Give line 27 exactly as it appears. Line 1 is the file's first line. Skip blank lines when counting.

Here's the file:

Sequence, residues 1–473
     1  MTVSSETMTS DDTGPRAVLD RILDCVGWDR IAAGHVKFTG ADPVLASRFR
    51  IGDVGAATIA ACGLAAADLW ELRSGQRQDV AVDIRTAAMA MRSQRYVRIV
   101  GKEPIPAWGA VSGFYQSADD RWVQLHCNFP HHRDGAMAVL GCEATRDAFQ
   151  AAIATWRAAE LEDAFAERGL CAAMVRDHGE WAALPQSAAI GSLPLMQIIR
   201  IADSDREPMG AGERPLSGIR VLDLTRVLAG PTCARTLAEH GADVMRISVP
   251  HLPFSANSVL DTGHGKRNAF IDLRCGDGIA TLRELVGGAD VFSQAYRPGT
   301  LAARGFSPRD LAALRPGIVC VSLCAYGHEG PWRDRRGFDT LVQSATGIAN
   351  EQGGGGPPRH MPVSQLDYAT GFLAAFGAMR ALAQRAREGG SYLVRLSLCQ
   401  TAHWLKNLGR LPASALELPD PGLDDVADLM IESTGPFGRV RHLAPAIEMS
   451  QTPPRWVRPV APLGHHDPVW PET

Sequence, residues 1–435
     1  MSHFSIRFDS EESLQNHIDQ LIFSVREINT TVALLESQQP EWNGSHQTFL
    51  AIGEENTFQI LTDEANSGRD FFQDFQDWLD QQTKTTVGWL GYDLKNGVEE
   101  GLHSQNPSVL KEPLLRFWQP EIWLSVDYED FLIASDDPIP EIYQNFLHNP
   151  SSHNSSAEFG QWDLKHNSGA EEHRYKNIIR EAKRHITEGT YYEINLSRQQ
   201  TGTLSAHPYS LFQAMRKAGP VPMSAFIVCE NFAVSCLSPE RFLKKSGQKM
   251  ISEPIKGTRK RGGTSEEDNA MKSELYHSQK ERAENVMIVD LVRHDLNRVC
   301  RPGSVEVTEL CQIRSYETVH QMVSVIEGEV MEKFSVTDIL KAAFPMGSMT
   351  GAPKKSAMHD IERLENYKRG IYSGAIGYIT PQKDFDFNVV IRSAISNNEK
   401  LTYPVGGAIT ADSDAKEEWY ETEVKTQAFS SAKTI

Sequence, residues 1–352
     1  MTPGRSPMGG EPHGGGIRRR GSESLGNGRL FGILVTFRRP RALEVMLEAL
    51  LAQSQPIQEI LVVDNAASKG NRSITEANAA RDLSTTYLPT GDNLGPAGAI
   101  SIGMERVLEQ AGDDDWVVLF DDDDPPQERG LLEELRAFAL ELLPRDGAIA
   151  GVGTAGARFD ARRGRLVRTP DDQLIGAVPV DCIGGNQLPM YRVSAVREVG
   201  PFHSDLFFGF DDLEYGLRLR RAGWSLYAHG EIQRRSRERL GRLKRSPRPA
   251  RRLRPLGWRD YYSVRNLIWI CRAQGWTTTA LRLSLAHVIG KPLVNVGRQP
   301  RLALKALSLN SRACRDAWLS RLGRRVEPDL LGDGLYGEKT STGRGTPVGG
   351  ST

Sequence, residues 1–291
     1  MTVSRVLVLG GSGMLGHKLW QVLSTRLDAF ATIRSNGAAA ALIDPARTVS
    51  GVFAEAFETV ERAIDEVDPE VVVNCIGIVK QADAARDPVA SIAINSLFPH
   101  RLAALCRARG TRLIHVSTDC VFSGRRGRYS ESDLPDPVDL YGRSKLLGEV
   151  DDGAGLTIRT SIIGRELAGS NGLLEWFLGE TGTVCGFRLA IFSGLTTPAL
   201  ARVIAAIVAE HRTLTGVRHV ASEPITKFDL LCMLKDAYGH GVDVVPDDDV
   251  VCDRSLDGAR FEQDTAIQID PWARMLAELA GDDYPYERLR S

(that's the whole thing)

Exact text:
   201  PFHSDLFFGF DDLEYGLRLR RAGWSLYAHG EIQRRSRERL GRLKRSPRPA